The land-sea interface is an extremely fragile environment. On a global scale, coastlines are threatened by a multitude of factors sometimes natural and mostly anthropogenic. Thus, in addition to the disruptions to coastal areas by port facilities, dams, sediment sampling on the beach or urban sprawl, there are the consequences of climate change, including rising sea levels. The objective of this study is to assess recent trends (between 2000 and 2015) of the coastline in Togo and Benin where more localized studies show that sandy beaches are experiencing major changes (accretion or erosion) in recent decades. Coastal dynamics are analyzed using very high spatial resolution images available in open access on Google Earth; the coast is studied by section of 1 km on a coastline of 170 km by calculating the average change in meter per year since 2000. Analysis of coastal Togo and Benin shows that only 34% of the coastlines (most of the time protected) are stable and that accretion is recorded only upstream of harbor infrastructures (14%). Elsewhere, coastlines undergo erosive processes (52%), sometimes exceeding annual average retreats of 10 meters per year. In such conditions, villages have disappeared during the past decade and a large number of people have been displaced.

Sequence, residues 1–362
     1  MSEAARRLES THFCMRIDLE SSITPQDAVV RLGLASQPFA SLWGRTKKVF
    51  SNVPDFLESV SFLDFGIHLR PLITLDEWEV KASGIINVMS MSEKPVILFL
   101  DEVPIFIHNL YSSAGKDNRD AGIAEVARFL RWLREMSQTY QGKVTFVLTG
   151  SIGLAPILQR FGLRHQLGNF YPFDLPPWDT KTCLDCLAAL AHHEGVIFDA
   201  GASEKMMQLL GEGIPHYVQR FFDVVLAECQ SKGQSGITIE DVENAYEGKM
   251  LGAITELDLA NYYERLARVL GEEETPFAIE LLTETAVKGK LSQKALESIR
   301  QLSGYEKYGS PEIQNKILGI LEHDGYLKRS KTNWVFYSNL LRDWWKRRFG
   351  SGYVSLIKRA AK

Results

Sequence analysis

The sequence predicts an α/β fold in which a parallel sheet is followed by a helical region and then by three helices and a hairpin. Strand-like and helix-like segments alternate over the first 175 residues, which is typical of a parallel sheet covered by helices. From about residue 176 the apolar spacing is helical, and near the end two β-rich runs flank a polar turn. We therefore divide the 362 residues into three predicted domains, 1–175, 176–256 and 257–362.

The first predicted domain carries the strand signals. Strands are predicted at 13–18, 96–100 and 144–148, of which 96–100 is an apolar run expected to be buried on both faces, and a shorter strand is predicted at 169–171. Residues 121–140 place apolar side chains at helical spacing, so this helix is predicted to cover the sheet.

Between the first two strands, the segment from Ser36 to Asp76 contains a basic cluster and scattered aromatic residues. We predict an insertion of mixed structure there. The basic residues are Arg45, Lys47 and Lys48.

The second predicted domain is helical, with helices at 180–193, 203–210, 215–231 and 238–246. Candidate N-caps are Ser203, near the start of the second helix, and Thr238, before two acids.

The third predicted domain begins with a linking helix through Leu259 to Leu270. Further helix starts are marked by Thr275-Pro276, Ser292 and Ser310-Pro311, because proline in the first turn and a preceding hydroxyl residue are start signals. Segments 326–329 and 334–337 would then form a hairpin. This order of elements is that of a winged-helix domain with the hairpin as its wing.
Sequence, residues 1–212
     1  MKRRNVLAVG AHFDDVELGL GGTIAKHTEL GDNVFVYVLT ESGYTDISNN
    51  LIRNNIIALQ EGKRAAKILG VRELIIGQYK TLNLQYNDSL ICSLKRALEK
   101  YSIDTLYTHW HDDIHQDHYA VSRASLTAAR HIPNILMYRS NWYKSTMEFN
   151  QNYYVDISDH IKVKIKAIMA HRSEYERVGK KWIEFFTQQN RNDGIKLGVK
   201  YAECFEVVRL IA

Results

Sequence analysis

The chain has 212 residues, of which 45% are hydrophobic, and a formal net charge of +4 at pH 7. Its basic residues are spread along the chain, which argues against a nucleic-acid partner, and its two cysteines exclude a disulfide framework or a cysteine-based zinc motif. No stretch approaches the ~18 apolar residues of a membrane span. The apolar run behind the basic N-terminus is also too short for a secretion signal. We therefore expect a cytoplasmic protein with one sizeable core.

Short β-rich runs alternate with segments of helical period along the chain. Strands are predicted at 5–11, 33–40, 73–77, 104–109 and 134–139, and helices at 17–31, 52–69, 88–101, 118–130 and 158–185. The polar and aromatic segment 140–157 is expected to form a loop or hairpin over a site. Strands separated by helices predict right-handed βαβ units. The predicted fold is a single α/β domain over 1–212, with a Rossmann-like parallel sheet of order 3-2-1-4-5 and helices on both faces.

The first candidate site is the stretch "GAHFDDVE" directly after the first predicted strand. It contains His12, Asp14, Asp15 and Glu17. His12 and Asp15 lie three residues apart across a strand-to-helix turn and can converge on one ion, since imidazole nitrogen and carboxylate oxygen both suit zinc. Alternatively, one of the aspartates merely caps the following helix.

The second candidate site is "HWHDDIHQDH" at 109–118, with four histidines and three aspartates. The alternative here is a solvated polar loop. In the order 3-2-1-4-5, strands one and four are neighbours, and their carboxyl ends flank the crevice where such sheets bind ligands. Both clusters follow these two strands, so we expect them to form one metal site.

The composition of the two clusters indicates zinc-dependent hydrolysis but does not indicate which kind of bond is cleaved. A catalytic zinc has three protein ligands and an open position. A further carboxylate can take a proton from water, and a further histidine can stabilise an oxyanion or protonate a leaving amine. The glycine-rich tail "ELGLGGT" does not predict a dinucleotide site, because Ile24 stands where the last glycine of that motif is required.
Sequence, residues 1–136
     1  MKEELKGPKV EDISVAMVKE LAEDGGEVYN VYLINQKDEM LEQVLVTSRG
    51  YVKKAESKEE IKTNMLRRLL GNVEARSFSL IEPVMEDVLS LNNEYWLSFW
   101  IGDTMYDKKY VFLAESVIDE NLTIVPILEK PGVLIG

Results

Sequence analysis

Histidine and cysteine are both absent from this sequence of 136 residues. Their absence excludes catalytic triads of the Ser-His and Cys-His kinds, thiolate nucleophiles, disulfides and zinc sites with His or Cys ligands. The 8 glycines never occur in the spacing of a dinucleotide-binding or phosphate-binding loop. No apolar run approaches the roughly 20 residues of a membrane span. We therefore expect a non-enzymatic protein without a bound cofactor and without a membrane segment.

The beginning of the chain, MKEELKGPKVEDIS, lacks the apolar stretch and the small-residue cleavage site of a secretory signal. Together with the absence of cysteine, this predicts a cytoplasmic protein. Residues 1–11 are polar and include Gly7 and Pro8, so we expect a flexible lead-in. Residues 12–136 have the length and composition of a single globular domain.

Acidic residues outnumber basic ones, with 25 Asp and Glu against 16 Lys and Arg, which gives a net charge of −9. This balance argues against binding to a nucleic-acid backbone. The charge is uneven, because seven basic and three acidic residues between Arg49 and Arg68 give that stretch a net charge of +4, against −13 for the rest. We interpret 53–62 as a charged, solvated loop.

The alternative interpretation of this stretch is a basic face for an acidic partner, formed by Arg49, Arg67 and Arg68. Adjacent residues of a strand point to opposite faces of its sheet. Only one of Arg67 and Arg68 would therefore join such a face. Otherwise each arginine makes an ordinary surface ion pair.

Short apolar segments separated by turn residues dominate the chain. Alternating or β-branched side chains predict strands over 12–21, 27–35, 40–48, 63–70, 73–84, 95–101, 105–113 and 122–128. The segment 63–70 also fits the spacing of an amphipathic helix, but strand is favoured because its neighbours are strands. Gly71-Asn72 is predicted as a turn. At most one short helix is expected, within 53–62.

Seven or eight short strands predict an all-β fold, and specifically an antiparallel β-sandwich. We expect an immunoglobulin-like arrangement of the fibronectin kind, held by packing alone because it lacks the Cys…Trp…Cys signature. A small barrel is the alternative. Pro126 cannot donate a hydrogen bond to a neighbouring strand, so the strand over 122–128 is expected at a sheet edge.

|Translated title of the contribution
|Recent evolution of the coastline in the bight of Benin. Example of Togo and Benin
|Number of pages
|Published - 1 Jan 2017